I've designed a new type of puzzle called Four-Letter Blocks that mixes crossword puzzles with jigsaw puzzles. You are given a crossword puzzle that's been filled in and then cut up into blocks of four letters, as well as the usual set of crossword clues. Use the clues to assemble the grid. The bad news is that the clues aren't numbered in the normal way - 1 Across might not be in the top left. The good news is that every word has at least the first letter given.

At 9x9, today's challenge is at the easy level. You can either print out this page or the PDF version, or download the image and solve it in a paint program. Gluing onto cardboard or felt will make the pieces easier to work with.

Pieces of a crossword puzzle

1. Modern light source
5. Timeworn
6. Whose rib was 17 Down made from?
7. Common instrument in alphabet books
9. Hairy ox
12. Erase
16. Winnie the Pooh, for example
18. To All the Boys ___ Loved Before
19. Fun gun
22. Sharp-eyed bird
26. East of the Urals
28. Pea package
29. Cabbage salad
30. Type of salamander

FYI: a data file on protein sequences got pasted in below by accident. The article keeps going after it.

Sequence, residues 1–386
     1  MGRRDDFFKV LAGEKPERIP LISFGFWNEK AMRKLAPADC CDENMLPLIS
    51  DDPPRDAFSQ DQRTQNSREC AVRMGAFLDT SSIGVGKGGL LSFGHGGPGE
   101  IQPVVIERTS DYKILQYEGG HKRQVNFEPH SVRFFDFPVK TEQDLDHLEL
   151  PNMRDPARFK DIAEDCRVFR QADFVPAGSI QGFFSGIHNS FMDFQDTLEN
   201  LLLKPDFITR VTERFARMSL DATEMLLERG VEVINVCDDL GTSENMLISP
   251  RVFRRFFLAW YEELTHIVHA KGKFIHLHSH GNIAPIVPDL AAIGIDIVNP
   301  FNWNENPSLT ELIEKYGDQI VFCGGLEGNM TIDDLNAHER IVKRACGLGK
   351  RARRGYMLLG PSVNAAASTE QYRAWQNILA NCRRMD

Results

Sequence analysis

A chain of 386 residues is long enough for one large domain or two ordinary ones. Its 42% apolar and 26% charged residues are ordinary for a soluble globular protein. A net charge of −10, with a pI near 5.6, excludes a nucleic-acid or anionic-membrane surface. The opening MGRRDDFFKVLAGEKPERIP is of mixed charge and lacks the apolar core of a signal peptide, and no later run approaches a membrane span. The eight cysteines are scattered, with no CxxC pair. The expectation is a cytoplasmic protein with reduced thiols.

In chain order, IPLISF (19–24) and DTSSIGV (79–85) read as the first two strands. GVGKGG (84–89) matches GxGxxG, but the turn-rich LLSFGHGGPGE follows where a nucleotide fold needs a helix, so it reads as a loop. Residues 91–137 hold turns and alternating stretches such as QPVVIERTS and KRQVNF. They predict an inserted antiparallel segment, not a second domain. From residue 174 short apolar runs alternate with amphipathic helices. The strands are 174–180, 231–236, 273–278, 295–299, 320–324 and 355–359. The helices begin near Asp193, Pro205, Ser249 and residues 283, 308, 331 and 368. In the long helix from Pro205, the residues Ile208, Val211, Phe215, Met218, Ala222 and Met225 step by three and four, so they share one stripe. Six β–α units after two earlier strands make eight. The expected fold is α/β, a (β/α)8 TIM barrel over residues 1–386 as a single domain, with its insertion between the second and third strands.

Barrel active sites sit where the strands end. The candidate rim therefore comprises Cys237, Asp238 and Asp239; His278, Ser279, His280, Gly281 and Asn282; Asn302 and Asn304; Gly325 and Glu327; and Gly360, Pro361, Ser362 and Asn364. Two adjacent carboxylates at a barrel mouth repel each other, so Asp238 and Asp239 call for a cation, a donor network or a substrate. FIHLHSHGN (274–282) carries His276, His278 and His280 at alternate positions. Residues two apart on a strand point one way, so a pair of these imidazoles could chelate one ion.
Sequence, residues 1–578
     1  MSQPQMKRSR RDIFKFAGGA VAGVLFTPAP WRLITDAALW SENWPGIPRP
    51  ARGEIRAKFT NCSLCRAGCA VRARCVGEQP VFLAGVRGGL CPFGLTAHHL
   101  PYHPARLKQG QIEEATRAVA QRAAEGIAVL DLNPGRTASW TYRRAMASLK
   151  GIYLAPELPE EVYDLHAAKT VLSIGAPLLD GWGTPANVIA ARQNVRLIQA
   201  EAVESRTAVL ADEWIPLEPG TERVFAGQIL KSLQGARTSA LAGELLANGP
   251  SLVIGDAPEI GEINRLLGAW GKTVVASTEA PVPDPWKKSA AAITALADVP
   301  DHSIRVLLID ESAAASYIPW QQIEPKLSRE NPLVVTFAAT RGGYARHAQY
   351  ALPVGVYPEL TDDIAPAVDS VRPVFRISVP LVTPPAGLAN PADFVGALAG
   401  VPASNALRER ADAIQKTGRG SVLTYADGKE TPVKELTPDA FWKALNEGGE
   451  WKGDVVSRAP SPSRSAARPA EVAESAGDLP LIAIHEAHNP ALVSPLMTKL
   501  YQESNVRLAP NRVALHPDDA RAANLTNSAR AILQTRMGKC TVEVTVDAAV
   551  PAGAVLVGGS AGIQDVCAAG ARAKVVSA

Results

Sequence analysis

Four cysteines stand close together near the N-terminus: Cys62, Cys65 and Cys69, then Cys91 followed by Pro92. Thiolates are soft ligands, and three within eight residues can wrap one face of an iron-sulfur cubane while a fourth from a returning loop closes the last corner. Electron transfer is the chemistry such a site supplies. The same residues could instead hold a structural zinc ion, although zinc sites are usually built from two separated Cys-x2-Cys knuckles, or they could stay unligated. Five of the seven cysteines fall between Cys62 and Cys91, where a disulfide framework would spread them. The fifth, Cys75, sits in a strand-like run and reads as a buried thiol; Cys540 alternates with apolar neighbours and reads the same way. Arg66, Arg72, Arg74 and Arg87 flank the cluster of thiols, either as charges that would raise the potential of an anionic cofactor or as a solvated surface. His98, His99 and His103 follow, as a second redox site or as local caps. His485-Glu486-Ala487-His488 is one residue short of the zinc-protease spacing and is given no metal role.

2. In the birch family
3. Hitched
4. Stain
8. Leia's husband
10. Ahab's obsession
11. Lucy's hair
12. Madame Tussaud's inventory
13. Rustic poem
14. Charged atom
15. Skilled
17. First woman in the bible
20. Sheep's complaint
21. Easter bunny's gift
23. Buddy
24. Punk more angsty than angry
25. What you do with your little eye
27. Holds a wheel together
29. Smooth sheets

  • $\begingroup$ Cool puzzle! I like the Tetris shapes $\endgroup$ Aug 25 at 9:23

An obvious place to start is with

7 across: the first O in XYLOPHONE has to come from the OPH, because the only other usable O (in ASPO) would have to be followed by the P in NEPT, causing an overlap. This means ASPO has to be the second O in that answer. Some forced letter choices for 14 and 16 give us this:
enter image description here

From there,

ASIA needs an I, and ETIN would break 28, so two of our large pieces are fixed together. 17 needs a V, 24 needs an O, and 23 needs an L, filling in more space. Getting 3 its D and 22 its letters leaves us with two major chunks and one small unconnected piece:
enter image description here

All that remains is to

give 30 the W it needs, and fit the last piece the only place it can go!
enter image description here

Some remarks:

As you can see, the main giveaways were forced letter placements - as the puzzles get larger and shape get more varied, I expect the deductions to get more varied in nature and the geometric considerations of the puzzle to become more important. Overall, a nice proof-of-concept puzzle that, while not terribly difficult, gets the job done in a clean fashion.

  • 1
    $\begingroup$ Thanks for the thoughtful remarks. I'll think about those kinds of deductions as I split up the larger puzzles to come. $\endgroup$
    – Don Kirkby
    Aug 21 at 17:48

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